By Peter Stuart Smith (AKA Max Adams, James Barrington, James Becker and Jack Steel)
Emlyn Rees and Richard Jay Parker both mentioned ebooks in their blogs this week, so I thought I’d follow suit.
It’s undeniably true that the impact of this new form of reading technology has alarmed the publishing world more than most people who work in it are prepared to admit. Kindle sales in particular have been spectacular, and for people who enjoy reading on holiday the reason is not difficult to find. Why an earth would you take a dozen paperbacks along with you, with all the weight and inconvenience that that implies, when you can slip a Kindle which contains your entire library into your jacket pocket? Kindles seem to be everywhere these days, but especially on most forms of public transport, and almost everyone seems to own one.
I was having lunch with my agent in London in that bastion of celebrity, the Ivy Club, a few weeks ago and talking about this very subject, when to my surprise he reached into his jacket pocket and flashed his own Kindle at me. I have to confess that I don’t actually own one of these slim grey devices, though I have acquired an extensive library of Kindle books on my laptop, and I do have an Android tablet which will do much the same job as a Kindle, but in Technicolor rather than shades of grey. But I never seem to use it. For some reason, the idea of reading a book on an electronic device is still somewhat foreign to me, and I still go on holiday with a couple of paperbacks.
The publishing world is frightened of ebooks, as far as I can see, because they’re new and they don’t quite know what effect their proliferation is going to have on mainstream publishers, and indeed on literary agents. In five or ten years’ time, will there even be such a thing as a publishing house? What’s the point of an author going through all the aggravation and hassle of writing a novel, finding an agent, letting the agent secure a publishing contract, doing all the editing and fiddling about with the cover design and all the rest, when he could just as easily spend a few hours at the computer converting his words of wisdom into an electronic format that would be acceptable to Amazon, and then sitting back and waiting for the money to roll in?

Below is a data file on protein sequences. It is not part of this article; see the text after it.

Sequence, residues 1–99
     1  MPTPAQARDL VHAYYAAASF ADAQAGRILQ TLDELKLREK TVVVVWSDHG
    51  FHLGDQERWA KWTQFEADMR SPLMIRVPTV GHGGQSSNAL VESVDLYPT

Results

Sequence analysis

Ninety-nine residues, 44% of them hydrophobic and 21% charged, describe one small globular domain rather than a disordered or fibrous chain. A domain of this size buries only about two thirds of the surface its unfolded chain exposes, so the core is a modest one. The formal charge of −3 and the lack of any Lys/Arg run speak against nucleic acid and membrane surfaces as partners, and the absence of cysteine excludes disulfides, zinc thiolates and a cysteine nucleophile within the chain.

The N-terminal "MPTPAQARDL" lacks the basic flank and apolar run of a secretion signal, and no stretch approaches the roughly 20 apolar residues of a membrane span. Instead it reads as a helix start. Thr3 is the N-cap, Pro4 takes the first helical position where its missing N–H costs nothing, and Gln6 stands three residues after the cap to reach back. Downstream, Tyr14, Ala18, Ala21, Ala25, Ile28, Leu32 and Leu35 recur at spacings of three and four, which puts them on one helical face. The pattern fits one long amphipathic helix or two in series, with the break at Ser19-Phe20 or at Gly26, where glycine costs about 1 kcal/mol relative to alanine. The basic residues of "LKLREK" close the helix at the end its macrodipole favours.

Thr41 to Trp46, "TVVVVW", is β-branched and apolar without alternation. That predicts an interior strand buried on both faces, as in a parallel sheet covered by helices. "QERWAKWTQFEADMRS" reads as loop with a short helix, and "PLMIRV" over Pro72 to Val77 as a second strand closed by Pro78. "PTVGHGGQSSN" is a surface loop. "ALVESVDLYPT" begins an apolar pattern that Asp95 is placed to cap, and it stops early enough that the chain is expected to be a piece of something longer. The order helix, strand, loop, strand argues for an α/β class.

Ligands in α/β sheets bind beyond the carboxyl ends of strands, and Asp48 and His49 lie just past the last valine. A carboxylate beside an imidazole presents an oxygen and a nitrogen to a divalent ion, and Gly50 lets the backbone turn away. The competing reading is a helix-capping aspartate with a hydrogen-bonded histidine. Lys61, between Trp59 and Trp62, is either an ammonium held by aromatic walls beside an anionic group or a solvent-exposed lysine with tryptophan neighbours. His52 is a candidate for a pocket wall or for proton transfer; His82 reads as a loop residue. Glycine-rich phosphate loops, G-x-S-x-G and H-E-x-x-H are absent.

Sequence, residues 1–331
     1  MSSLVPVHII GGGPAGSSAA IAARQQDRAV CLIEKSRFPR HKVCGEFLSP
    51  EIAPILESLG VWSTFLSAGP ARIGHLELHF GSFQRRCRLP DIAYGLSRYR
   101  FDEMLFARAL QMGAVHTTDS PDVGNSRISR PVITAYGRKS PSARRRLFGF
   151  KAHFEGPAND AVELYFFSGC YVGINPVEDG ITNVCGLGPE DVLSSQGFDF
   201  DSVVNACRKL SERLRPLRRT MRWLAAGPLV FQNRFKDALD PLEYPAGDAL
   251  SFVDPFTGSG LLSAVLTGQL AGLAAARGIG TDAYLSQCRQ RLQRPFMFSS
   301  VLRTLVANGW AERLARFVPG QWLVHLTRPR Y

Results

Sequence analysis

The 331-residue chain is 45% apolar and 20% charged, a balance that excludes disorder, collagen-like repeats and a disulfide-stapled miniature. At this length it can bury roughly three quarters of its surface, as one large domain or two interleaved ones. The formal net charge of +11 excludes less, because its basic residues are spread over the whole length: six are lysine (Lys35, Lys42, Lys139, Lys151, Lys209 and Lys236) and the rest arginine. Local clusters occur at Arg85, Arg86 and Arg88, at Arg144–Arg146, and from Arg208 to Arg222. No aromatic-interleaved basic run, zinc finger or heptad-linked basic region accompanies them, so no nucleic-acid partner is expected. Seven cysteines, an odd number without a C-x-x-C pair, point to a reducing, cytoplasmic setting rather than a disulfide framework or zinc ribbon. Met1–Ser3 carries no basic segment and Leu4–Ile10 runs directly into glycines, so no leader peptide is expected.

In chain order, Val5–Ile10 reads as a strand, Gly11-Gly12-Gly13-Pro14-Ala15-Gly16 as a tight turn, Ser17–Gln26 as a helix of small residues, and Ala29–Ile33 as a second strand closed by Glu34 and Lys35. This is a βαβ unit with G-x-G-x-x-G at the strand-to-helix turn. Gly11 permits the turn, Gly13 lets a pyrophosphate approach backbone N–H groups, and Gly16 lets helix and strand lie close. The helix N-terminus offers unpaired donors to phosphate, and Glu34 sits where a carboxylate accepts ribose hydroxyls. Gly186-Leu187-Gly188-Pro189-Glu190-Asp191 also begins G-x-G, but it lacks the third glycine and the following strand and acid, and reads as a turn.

And if an author goes this route, there’s no agent sitting in the middle to take his 15% or 20% of the author’s meagre income, and we’re not talking about revenues of 7% of the cover price either. The author can pitch the price of his book exactly where he wants it, and once Amazon has taken its slice of the pie, all the rest is pure profit.
A few months ago, I read an article in a British writing magazine which covered this topic rather neatly. The contributor quoted as an example a young female American author – using the word ‘author’ in its loosest possible sense – who had written some twenty ‘novels’ (I’m again using this word extremely loosely, as they were between 8,000 and 12,000 words in length, meaning that they were actually longish short stories) and was selling them all on the Internet. He even quoted a few sentences from one of these ‘books’, which made it abundantly clear that the girl was almost completely illiterate, couldn’t spell most words longer than five letters and had only the haziest idea about grammar, punctuation, plotting and pretty much anything else to do with writing.
But, and this is the real point of this story, she’d priced her ‘works’ at well under $5 each, and had sold in total some 200,000 copies. Even after Amazon or whichever company was handling the sales had taken its cut, this girl, with no readily discernable talent or ability, had achieved the kind of annual income that most British mainstream authors can only dream about.
So is that kind of thing the future of writing? I really hope not. The most important single thing the literary agents and publishers achieve at the moment is the unspoken guarantee that when a reader goes into a bookshop and chooses a novel, that novel will be of an acceptable standard. Of course, not all readers would agree with this statement, even if we decide to leave Dan Brown out of consideration. But I think most would accept that a book which has taken about a year to write, and has been accepted by a literary agent and then bought by a publishing house is far more likely to be worth reading than one which has been knocked together in a few hours by somebody in their bedroom and then flogged as an e-book on the web.
What does the future hold? Nobody knows, obviously, but I do think it’s fairly clear that ebooks will occupy an increasingly large share of the market over the next few years as the technology proliferates. We may even see the demise of some of the High Street bookshops as increasing competition from the online retailers hits harder. But I still think we’ll find both literary agents and mainstream publishers in business. Perhaps a slightly different business from the model they’re used to, but they’ll still be there.
At least, that’s what I hope. As the Chinese say: ‘may you live in interesting times’. And I certainly think we do.
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